Scores of traumatized survivors have revisited the reopened Bataclan concert hall in Paris, one year after terrorists killed 90 at a rock concert. British singer Sting told the crowd that “nothing comes from violence.” British singer Sting led a minute’s silence at Saturday’s concert for the 130 people killed in coordinated attacks across Paris on November 13, 2015, in a ... Read More »

Swedish Academy member describes Bob Dylan’s Nobel silence as ‘impolite and arrogant’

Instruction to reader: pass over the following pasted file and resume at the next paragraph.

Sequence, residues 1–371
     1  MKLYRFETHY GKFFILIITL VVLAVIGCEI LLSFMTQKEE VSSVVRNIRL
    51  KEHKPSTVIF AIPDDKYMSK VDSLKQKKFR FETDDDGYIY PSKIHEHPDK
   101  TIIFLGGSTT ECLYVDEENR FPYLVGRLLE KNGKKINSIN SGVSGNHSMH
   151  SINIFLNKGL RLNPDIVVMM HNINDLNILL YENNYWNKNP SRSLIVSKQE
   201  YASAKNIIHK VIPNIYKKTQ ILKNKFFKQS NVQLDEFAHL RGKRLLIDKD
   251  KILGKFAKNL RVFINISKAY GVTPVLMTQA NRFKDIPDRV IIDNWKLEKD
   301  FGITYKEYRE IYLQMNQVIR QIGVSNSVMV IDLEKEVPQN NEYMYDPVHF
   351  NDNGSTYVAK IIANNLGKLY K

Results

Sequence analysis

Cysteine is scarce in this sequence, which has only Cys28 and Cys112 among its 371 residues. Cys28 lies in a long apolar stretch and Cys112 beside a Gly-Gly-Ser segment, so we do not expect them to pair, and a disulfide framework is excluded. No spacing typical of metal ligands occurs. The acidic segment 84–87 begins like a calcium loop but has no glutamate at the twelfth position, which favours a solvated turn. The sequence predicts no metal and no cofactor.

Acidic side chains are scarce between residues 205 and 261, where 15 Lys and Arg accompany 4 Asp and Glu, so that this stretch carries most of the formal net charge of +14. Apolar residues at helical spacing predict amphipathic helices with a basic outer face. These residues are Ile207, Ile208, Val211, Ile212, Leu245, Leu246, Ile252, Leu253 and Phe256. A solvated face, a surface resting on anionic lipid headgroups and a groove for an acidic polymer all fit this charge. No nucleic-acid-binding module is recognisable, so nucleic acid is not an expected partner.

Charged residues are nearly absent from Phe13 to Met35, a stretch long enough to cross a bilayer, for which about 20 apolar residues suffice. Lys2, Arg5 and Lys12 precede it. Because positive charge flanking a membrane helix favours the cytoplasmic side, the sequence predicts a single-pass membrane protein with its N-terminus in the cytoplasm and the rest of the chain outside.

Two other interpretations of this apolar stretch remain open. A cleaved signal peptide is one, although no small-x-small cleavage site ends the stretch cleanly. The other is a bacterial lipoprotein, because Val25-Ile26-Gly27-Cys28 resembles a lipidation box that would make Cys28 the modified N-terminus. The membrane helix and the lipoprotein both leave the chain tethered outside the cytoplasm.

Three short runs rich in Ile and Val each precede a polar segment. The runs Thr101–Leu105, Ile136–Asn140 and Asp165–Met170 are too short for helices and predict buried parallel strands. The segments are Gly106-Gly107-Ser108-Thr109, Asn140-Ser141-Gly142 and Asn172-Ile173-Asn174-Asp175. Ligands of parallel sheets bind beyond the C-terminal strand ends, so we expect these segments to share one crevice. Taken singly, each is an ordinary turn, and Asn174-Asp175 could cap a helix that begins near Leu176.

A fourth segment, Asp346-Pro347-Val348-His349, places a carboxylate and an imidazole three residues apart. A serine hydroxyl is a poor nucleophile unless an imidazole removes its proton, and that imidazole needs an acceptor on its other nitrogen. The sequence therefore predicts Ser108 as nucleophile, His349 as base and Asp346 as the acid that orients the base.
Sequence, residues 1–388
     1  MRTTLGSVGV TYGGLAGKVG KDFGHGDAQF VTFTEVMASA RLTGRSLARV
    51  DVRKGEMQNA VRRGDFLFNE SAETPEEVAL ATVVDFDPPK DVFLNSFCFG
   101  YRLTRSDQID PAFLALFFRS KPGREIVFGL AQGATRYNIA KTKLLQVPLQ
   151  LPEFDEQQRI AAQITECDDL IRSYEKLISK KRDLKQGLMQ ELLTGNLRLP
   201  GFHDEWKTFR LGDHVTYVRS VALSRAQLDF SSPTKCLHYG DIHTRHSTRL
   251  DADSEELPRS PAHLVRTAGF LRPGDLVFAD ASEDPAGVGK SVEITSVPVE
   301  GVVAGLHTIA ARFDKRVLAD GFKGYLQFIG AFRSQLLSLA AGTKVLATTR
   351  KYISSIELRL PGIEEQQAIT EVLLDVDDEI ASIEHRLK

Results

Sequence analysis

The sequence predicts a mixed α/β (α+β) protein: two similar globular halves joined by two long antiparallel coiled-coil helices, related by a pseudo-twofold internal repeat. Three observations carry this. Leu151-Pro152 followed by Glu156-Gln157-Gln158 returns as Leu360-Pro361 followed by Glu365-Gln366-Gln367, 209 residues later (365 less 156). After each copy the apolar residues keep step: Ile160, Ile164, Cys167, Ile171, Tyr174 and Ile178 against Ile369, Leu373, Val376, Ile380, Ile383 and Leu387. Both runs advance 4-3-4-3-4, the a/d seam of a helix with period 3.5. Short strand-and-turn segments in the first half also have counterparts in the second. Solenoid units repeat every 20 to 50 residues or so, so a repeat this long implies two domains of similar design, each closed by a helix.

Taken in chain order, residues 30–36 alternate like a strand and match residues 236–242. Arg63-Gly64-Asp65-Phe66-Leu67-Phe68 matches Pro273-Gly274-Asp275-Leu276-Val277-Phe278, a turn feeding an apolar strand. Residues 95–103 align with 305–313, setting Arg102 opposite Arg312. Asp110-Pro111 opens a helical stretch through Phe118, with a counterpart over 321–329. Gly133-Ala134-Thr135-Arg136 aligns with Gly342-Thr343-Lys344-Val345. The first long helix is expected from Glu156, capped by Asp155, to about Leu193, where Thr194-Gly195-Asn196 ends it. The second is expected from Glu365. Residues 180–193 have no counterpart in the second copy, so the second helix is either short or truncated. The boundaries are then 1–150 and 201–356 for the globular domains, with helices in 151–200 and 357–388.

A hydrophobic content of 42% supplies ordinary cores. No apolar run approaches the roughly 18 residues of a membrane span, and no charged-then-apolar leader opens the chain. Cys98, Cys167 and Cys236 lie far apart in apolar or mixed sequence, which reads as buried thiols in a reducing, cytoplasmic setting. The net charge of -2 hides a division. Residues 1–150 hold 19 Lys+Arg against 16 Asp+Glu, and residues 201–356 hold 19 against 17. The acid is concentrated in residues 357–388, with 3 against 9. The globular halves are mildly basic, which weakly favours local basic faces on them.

Bob Dylan's silence since being named a Nobel laureate has been described as "impolite and arrogant" by a member of the Swedish Academy. But the committee said it was up to the singer if he decided to accept. The Swedish Academy, which selects Nobel Prize winners, has failed to contact 75-year-old singer-songwriter Bob Dylan since he became the first musician to win the literature prize in the Nobel's 115-year history last week. Dylan has been silent on the subject since he was awarded the honor for "having created new poetic expressions within the great American song tradition." The award has been mentioned on Dylan's Twitter and Facebook accounts, but a mention was removed from his website on Friday. On Saturday, Swedish media reported comments by Nobel committee member Per Wastberg, who said that if Dylan remained silent, it would be "rude and arrogant." The academy issued a statement saying that Wastberg's comments did not reflect their view. "The author awarded the Noble Prize makes up his or her own mind regarding the ceremonies involved in the presentation of the prize," said Sara Danius, permanent secretary of the academy. The choice of Dylan has been controversial, with some commentators questioning whether the singer's work qualifies as literature and others suggesting the academy missed an opportunity to bring attention to lesser-known artists. First to ignore If Dylan continues in silence, he would be the first award winner to ignore the academy's decision. Only two people have declined a Nobel Prize in literature. Boris Pasternak did so under pressure from Soviet authorities in 1958, while French writer Jean-Paul Sartre refused it in 1964. Harold Pinter and Alice Munro missed their respective ceremonies in 2005 and 2013 for health reasons. Each Nobel Prize is worth 8 million Swedish kronor ($930,000/825,000 euros). The literature prize and five other Nobel honors will be officially conferred in Stockholm on December 10, the anniversary of award founder Alfred Nobel's death in 1896.